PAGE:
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A Differentiated Instruction How-To Guide

Janelle Cox

In order to meet the needs of all learners, educators now know that they must use differentiated instruction. This means that in order for a teacher to reach each individual student so that every student has the ability to reach his/her full potential, they must accommodate each student’s learning style, readiness, and interest. In order to meet the needs of each student, a teacher must use a variety of instructional methods. Most of the time this means using a different approach to reach each student while teaching the students the same information. Here are a few tips and techniques that effective teachers use to carry out differentiated instruction in their classroom.

Differentiated Instruction: How to Get Started

Follow these steps to differentiate instruction in your classroom.

  1. In order to differentiate instruction, teachers must first consider the content that the students must learn. Ask yourself what your main objective is and what you ultimately want your students to get out of the lesson. Once you have this answer, you can then provide students with tiered assignments that correlate with their individual needs.
  2. Next, think about the materials that you want your students to use within the lesson. Are they going to learn with technology like an iPad or a computer, or are they going to learn within cooperative learning groups? Think about if students will use manipulatives to learn the content and how much time they will need to compete a task. 
  3. Last, create a rubric that you can assess students learning with. Will you have the same rubric for each student, or will the rubric be based on each tiered assignment? Think about how students will demonstrate their learning. Will they use technology, oral presentations, or work individually?

Differentiating Instructional Methods

There are a variety of instructional methods that you can use to differentiate instruction. Here are a few.

Flexible Grouping

Many teachers use flexible grouping as a means to provide students with the opportunity to work with others that have similar learning styles, readiness, or interest as they do. Flexible grouping allows students to work with their peers who are similar. Depending upon the purpose of the lesson, teachers can plan their activities based on a students’ attributes, then use flexible grouping to group students accordingly. The key to making flexible grouping work is to ensure that groups are not stationary and students can move about. Teachers must continually conduct assessments throughout the school year and move students within the groups as they master skills.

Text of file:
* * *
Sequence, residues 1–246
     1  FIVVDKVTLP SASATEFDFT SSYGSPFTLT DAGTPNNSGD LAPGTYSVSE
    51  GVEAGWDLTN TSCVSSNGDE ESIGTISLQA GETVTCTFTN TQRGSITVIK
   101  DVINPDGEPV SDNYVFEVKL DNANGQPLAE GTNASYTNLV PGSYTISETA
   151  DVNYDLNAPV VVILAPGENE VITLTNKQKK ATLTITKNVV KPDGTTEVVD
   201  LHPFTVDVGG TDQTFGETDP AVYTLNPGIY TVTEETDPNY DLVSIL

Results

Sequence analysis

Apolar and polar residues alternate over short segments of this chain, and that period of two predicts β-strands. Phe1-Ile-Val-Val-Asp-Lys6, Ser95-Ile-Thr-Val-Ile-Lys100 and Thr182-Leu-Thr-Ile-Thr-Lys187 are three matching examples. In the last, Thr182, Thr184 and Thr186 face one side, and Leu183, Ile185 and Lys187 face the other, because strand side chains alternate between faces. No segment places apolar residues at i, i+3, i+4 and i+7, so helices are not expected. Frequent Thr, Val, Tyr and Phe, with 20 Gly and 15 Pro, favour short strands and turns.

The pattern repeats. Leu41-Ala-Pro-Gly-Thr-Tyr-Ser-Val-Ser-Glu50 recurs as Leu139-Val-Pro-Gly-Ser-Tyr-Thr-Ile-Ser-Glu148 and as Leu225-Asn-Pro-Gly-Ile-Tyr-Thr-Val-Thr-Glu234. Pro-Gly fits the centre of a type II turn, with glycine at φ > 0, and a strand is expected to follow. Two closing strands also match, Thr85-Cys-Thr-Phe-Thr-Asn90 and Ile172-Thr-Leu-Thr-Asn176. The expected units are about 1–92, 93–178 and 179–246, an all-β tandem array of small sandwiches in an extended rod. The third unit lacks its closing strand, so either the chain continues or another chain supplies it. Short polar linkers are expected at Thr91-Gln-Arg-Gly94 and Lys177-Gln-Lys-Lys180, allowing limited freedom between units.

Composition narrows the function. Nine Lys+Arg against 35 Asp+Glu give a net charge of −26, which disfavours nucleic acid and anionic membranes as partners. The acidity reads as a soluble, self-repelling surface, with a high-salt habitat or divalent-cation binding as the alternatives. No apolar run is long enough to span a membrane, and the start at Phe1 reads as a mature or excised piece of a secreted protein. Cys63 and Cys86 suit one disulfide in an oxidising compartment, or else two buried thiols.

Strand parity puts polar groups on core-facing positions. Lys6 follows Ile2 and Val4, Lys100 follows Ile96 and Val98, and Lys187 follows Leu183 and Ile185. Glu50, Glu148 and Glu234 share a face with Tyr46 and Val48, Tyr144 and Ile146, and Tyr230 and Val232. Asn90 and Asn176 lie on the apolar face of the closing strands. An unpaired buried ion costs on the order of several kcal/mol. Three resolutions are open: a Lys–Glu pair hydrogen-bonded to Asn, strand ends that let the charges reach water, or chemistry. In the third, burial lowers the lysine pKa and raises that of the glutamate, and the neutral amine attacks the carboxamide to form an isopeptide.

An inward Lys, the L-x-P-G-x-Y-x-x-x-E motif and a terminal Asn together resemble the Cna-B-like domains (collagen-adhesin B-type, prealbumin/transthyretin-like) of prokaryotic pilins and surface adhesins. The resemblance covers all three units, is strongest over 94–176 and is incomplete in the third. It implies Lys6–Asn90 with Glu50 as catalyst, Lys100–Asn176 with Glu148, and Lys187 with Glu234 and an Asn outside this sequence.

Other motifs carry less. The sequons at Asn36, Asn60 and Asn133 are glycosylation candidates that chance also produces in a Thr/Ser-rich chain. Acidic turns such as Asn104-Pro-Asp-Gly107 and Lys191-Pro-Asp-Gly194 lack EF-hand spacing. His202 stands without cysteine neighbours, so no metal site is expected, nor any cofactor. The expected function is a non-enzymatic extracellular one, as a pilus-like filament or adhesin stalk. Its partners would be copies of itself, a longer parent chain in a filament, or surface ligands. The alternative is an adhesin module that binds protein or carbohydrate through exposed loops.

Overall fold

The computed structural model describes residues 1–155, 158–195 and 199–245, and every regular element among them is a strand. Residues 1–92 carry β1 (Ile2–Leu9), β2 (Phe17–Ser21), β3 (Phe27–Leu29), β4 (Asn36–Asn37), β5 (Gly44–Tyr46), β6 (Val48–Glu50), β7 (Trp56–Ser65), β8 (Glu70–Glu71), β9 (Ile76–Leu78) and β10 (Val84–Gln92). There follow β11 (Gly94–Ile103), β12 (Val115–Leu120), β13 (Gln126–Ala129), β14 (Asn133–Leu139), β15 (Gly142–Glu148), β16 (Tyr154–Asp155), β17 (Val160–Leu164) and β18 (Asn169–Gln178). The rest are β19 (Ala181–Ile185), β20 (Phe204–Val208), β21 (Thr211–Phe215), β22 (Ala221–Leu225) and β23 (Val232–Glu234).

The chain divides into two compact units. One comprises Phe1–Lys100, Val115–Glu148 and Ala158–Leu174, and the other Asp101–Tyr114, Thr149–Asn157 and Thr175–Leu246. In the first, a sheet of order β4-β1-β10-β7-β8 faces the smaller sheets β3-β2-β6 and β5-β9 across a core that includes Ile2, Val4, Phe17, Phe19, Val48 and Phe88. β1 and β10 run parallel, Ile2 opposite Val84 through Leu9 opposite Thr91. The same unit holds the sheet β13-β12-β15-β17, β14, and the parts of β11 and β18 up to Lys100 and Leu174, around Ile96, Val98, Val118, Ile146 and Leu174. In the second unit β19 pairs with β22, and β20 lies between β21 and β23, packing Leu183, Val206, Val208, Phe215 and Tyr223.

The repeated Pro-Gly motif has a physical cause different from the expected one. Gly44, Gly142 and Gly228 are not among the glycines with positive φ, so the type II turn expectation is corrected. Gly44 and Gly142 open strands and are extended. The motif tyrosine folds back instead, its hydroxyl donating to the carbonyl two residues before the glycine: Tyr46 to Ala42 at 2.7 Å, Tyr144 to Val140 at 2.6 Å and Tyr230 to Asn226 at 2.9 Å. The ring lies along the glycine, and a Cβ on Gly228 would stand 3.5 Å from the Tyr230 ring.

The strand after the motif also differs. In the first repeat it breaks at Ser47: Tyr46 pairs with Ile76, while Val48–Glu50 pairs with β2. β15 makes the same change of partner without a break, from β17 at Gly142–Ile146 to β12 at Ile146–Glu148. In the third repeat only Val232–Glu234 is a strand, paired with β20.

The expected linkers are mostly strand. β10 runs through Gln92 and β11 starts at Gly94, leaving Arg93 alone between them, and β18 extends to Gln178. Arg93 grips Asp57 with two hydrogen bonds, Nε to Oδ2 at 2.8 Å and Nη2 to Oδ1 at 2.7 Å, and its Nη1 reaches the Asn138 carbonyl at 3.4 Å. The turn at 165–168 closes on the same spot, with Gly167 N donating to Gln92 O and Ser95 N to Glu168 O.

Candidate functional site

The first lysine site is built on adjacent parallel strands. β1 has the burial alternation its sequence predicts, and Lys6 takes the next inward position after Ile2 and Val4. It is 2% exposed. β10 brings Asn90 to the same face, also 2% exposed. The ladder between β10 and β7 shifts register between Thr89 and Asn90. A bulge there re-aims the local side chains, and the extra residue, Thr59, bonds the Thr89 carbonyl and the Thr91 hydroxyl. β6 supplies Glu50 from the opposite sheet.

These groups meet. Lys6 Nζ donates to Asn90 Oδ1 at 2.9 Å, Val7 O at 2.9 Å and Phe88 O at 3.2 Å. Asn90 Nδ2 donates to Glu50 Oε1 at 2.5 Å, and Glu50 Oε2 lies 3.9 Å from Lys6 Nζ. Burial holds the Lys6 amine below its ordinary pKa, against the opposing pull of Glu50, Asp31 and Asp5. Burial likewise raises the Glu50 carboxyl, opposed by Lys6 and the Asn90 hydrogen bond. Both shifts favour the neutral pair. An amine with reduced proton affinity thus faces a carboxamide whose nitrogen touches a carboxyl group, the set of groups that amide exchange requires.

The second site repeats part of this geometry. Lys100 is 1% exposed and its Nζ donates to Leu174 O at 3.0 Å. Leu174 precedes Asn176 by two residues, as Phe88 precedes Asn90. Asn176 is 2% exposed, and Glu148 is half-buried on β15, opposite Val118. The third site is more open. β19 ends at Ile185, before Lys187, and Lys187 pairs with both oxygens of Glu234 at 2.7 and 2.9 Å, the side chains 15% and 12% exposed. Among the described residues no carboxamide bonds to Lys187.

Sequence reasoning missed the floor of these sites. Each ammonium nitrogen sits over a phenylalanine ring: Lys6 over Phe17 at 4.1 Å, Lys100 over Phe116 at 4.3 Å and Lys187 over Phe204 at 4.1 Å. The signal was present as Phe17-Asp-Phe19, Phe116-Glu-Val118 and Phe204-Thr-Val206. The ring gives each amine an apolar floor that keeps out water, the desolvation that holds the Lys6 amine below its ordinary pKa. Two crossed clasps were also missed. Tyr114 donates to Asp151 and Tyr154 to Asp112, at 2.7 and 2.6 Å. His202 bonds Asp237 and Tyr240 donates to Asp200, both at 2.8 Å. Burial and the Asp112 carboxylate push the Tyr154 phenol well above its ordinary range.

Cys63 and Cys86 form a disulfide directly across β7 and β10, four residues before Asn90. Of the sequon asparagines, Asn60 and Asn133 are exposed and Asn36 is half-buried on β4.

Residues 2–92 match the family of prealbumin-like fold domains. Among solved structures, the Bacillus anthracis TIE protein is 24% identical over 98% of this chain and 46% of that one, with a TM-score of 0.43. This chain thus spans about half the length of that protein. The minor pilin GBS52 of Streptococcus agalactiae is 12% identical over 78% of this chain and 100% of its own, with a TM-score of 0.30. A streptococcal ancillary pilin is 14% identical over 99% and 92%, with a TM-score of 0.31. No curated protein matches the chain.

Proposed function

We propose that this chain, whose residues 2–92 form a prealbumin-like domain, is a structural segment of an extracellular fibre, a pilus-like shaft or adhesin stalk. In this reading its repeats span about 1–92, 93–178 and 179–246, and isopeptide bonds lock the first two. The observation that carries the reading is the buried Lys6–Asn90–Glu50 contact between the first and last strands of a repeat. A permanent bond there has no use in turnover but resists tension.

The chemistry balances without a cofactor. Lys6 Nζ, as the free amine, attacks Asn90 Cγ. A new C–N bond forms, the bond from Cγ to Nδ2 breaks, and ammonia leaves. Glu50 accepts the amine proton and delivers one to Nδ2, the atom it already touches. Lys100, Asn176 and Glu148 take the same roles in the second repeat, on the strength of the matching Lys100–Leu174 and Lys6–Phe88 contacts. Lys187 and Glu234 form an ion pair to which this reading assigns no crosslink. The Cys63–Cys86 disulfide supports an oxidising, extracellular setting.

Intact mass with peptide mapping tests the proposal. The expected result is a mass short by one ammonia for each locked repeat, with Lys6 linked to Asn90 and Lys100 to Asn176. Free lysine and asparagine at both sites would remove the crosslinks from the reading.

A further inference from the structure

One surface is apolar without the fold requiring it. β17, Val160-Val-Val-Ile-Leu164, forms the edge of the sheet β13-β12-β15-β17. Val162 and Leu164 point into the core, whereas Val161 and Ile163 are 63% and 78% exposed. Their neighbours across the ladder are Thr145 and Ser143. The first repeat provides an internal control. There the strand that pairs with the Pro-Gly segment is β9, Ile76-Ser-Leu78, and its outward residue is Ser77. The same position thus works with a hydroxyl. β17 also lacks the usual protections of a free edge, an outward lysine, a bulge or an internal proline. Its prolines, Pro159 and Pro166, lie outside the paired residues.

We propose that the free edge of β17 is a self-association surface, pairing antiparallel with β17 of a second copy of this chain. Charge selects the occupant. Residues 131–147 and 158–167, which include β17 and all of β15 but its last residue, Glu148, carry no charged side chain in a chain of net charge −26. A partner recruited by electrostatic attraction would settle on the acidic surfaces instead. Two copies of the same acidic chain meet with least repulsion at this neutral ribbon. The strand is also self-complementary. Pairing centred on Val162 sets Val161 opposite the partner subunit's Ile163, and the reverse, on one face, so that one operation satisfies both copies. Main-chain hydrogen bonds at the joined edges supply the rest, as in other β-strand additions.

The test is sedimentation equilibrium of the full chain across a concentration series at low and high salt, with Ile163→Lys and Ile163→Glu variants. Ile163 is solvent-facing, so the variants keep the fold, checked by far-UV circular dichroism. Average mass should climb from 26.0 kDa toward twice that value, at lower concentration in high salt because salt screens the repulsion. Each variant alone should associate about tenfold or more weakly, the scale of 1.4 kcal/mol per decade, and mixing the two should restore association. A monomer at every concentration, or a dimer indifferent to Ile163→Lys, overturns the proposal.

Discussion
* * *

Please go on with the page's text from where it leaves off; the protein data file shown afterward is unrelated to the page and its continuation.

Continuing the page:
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Choice Activities

A great motivator is to give students a choice about how or what they will be learning. Teachers can give options based on student interest or on their learning style. They can also be given choices as to what will be learned or how they will learn the information. Options can include classroom activities, student learning centers, independent study, small groups, or even whole-group exercises. Choice activities are well-known for improving students’ motivation based on their own needs, and are a very popular way teachers like to differentiate instruction.

Tiered Assignments

Tiered assignments are another popular way that educators like to differentiate instruction.  Tiered assignments are a series of related tasks varying in complexity. The activities relate to the students’ readiness level and key skills that they need to acquire. Both formal and informal assessments must be given to determine the level of understanding a student has on the subject matter. Activities can be designed for small groups or even for individuals. Many teachers find that this differentiated instructional strategy is a great way for students to reach the same goals by taking into account each of their students’ individual needs.

Low-Prep Methods to Accommodate All Learners

Differentiating instruction is not easy and takes some time. In order to accommodate all learners, many teachers have come up with a few low-prep ways to make it easy on themselves. Teachers have found that choice books are a great option because it is an easy way for them to figure out a student’s reading ability and an easy way to differentiate instruction.

Student choice boards are another low-prep way to differentiate instruction because all you have to do is come up with a few varied activities that will reach all learners. Many teachers have even given up the responsibility and leave it to the students to come up with a few fun activities to put on their boards.

Differentiating instruction takes a lot of planning and many teachers find it extremely frustrating, but once you get the hang of it, it becomes easier and it is definitely worth it in the long run. By following the tips and suggestions mentioned above, educators can accommodate all students’ learning needs and styles.

How do you use differentiated instruction in your classroom? Do you have any tips or ideas that work for you? Please share with us in the comment section below. We would love to hear your thoughts.

Janelle Cox is an education writer who uses her experience and knowledge to provide creative and original writing in the field of education. Janelle holds a Master's of Science in Education from the State University of New York College at Buffalo. She is also the Elementary Education Expert for, as well as a contributing writer to and TeachHUB Magazine. You can follow her at Twitter @Empoweringk6ed, or on Facebook at Empowering K6 Educators.

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